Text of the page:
In that scene from To Catch a Thief (1955), the amorous pair are Grace Kelly and Cary Grant. But the one who set up that tryst, who first saw it in his mind's eye and then realized that vision, was Alfred Hitchcock1. It's hard to believe he wasn't acting out a fantasy2, using the camera to act on an otherwise suppressed impulse3.
Like most film writers, I'm a wannabe movie director. As a youth, I wanted a career in movies, but my parents were dead-set against it4. But even if that hadn't been the case, I still would have balked. Good filmmaking demands an audacity, a willingness to exploit others, sometimes cruelly. As a young man, I shrank back.The camera can be an invasive instrument, and I think it takes a bit of a sociopath to instruct an actress to repeatedly retake a scene—or to take her clothes off for the camera.
Alfred Hitchcock had no problem with that. He made the career choice he did because he could exert power over actors. Once, when he was directing an episode for his TV show Alfred Hitchcock Presents, he was having difficulty getting a child actor to keep from fidgeting during a scene. Hitchcock took the boy aside and threatened to nail his feet to the floor if he didn't stand still. Terrified, the young actor stood stock still during the shooting. Hitchcock got the footage he wanted and the boy was traumatized for life.
Leonard South, Hitch’s cinematographer for many of his greatest movies, including North by Northwest and The Birds, once recalled that "Those [crop-duster and bird] scenes were some of the hardest I've ever been involved in. They called for absolutely perfect timing in situations that were really rather scary."
For the final attack scene in The Birds, bird handlers stood off-camera, hurling crows and seagulls at a screaming, terrorized Tippi Hedren. She told me that the set had been enclosed in an enormous chain-link cage designed to contain the birds and protect the crew, but which left her completely exposed. Finally, after a week of shooting under these conditions, one of the avian actors came too close and she nearly lost an eye. Hedren went into hysterics and had to take time off from the shooting schedule to recuperate5.
Hitchcock saw the camera itself as a sort of weapon, an instrument with diabolical purposes. Almost every time a camera appears in his films, it is cast in an unfavorable light. Check out these examples:
Easy Virtue (1928) opens with an ominous silhouette of a still camera, which foreshadows the means by which Larita Filton's (Isabel Jeans') reputation is finally shattered.
In one of Hitchcock's most heartbreaking scenes, despairing, Filton steps out of the courthouse into a gauntlet of reporters with their cameras poised in the air and says, in the final frames of the film, "Shoot! There's nothing left to kill."6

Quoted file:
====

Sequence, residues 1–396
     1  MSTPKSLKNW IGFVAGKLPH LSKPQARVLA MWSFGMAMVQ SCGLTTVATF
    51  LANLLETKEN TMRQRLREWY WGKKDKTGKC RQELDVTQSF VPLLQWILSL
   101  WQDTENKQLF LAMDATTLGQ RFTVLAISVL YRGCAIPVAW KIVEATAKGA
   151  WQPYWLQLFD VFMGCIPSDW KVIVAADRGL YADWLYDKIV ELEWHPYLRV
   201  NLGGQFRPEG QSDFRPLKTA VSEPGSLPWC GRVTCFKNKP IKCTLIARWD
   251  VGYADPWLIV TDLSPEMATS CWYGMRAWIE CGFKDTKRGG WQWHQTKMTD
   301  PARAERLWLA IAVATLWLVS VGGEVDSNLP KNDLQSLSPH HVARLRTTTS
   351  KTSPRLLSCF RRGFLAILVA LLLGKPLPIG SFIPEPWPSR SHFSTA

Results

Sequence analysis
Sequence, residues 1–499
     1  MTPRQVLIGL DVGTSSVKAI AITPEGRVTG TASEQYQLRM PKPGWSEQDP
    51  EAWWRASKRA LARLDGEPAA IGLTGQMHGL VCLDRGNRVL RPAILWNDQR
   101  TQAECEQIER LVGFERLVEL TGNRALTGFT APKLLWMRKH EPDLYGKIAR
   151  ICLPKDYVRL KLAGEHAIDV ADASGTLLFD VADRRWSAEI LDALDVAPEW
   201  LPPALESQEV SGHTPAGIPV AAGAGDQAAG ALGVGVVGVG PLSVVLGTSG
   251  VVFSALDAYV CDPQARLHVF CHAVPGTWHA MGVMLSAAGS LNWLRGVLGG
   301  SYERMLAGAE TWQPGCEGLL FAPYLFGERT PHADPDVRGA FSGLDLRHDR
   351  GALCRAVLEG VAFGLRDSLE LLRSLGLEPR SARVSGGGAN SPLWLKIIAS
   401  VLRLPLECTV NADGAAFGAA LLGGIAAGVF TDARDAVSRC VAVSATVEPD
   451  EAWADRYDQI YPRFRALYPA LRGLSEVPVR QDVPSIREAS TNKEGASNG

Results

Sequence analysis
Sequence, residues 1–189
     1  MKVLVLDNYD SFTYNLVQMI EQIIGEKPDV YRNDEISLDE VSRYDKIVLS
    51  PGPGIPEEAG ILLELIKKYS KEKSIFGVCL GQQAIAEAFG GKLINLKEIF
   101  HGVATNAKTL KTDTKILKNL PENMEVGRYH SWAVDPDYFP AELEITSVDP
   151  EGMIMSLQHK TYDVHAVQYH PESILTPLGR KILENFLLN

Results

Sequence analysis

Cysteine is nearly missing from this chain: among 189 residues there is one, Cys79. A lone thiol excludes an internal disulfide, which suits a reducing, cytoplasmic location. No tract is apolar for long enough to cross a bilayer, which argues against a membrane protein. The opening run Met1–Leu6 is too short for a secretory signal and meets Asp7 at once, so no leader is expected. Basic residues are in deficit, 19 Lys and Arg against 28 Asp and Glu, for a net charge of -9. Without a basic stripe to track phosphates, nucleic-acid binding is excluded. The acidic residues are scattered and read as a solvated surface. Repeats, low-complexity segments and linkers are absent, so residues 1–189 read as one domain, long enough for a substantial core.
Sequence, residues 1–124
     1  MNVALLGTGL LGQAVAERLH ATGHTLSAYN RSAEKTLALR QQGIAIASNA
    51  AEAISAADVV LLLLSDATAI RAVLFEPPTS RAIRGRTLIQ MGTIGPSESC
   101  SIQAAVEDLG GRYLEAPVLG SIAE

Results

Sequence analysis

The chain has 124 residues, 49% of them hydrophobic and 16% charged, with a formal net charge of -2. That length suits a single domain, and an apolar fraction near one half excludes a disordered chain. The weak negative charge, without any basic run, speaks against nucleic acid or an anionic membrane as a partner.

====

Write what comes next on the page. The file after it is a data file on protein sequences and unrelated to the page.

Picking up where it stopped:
Not to be missed are the Fascist terrorists in Saboteur (1942), who operate out of a newsreel production truck and plant explosives inside a movie camera in order to bomb a newly launched American battleship.
On the lam as the Merry Widow Murderer in Shadow of a Doubt (1943), Uncle Charlie has such loathing for the snooping lens of the camera that he has taken pains to remove every photo of himself ever taken since childhood. For good reason. Detectives on his trail need a photo to positively identify him. In the scene above, he demands that they return the film with his pictures on it.
In Lifeboat (1944), Constance Porter (Tallulah Bankhead) makes her living as a war reporter, producing newsreels for American audiences. From the lifeboat, she takes aim at the wreckage of the sinking ship as it bobs in the water. Spotting a baby bottle, she says, "Look! That's the perfect touch!" John Kovak, (John Hodiak) disgusted, says, "Why don't you just wait for the baby to float by?!" and "accidentally" bumps her camera into the water.
In Notorious (1946) Alicia Huberman (Ingrid Bergman) emerges from the trial of her father, a Nazi conspirator, to face a gaggle of media vultures. She steps into the hallway with a blank look on her pale face, to be awakened from her daze by their popping flashbulbs. Though she steels herself and keeps walking, it's the first of many assaults she must endure in the film.
Of course, Hitchcock's most well-known essay on the cruel uses to which cameras can be put was Rear Window (1954). In a back story that hints at a voyeuristic flaw deep in his character, L. B. Jefferies (James Stewart) had been a reconnaissance photographer in World War II, decorated for his bravery. After the war, he parleyed his medals and penchant for risk-taking into a lucrative photojournalism career, but at the start of the movie he was stuck home, confined in a wheelchair. 'Jaywalking on the Indianapolis Speedway' had landed him a seat in a wheelchair with a smashed leg--to say nothing of his camera.
At the end of the film, assaulted by the murderer, he used his flashbulb attachment to momentarily blind the attacker. The camera that he had employed to launch a long-distance invasion of the killer's apartment was now used in self-defense. Fellow Hitchcock geek and author of Writing with Hitchcock, Steven DeRosa, notes another detail. In John Michael Hayes' first draft of the screenplay, Thorwald rewarded Jefferies' efforts by smashing his leg with a tripod.